My Architect: A Son’s Journey (2004)


The word "genius," denoting extraordinary intellectual or creative power, is derived from a Latin term meaning to beget, to father. My Architect: A Son’s Journey, Nathaniel Kahn’s deeply personal documentary about his father, the late Louis I. Kahn, is about the elder Kahn’s genius in both senses of the word.

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2004, New Yorker. Directed by Nathaniel Kahn.

Artistic/Entertainment Value

Moral/Spiritual Value


Age Appropriateness

Teens & Up*

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Caveat Spectator

Limited profanity; discussion of extramarital affairs and other morally problematic topics.

A highly influential and respected architect, Lou Kahn had a substantial impact on modern architecture with his monumental, classically influenced designs in brick and concrete. Equally important to the film, Louis Kahn fathered three children by three different women — one his lifelong spouse, the other two longtime mistresses. Kahn the filmmaker is one of Kahn the architect’s two illegitimate children.

Nathaniel was 11 when his father died in 1974 at the age of 73. Nathaniel’s film, made nearly 30 years later, represents both an instrument and a chronicle of his efforts to explore who his father really was, what legacy he left behind, and what it might mean for his son. Part travelogue, part interview documentary, part home movie, My Architect surveys the elder Kahn’s most important buildings, from La Jolla’s Salk Institute to the Exeter Library to the Bangadeshi capital, along the way interviewing colleagues, peers, family members, even chance acquaintances — anyone who might have light to shed on the mystery of his father’s character and personality.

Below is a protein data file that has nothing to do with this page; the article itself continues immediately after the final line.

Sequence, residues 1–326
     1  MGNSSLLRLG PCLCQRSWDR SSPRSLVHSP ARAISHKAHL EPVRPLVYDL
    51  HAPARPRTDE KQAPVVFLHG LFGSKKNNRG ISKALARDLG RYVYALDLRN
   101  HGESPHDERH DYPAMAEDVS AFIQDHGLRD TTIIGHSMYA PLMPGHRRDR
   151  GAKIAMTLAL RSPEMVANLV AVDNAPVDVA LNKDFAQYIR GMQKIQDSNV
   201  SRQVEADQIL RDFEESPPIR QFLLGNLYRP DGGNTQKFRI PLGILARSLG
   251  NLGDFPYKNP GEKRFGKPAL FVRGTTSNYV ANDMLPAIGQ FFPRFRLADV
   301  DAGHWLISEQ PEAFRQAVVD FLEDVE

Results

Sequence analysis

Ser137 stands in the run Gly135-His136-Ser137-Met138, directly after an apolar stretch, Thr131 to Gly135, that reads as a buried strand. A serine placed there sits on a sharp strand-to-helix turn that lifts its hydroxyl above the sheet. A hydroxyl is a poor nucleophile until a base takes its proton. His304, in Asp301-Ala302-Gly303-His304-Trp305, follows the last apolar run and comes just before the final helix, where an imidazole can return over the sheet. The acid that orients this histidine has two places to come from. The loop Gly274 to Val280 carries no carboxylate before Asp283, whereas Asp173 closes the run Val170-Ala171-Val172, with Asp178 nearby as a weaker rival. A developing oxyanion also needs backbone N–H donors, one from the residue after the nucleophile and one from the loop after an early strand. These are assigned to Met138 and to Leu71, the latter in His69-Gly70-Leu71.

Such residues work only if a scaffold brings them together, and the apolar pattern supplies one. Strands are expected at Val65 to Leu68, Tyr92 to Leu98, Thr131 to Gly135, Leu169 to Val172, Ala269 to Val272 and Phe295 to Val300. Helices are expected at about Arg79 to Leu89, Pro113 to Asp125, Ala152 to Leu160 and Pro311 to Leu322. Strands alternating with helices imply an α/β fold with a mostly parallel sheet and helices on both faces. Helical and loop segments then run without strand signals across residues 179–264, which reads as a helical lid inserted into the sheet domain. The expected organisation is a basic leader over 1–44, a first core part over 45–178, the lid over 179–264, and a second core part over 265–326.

Certainly his father’s life was full of mystery and contradiction. A celebrated authority in his own lifetime, he was $500,000 in debt at the time of his death. Inspired relatively late in life by a tour of the ruins of the ancient world, Kahn designed in a massive, geometrically rigorous style that one source speaks of in terms of its "traditional morality," though no one would use those words to describe his personal life. A secular Jew who spent years trying to build a world-class synagogue in Jerusalem overlooking the Temple mount, Kahn’s largest and arguably most transcendent creation wound up being a capital complex for a Muslim nation, Bangladesh, housing a mosque as well as facilities for the nation’s government.

Perhaps the most nagging question is just how Kahn understood or thought about his complicated love and family life. His three women and their children all lived in the same Philadelphia suburb within a few miles of one another, yet their paths never crossed until the day of his wake. Kahn regularly visited Nathaniel and his mother, sometimes as often as once a week, always returning each evening to his wife. Did it all amount in his own mind to juggling three different lives, three different families? Or did he fancy that they were all in some way a single "family"?

Kahn the filmmaker does his best to be objective, allowing each interviewee to provide his own perspective on Kahn the architect. One colleague of his father’s frankly disparages Lou’s shabby treatment of women even as he praises his talent and energy. But others rationalize Lou’s actions: A friend of his mother’s defends his parents’ love as "lifelong" and "on the side of life and a good thing."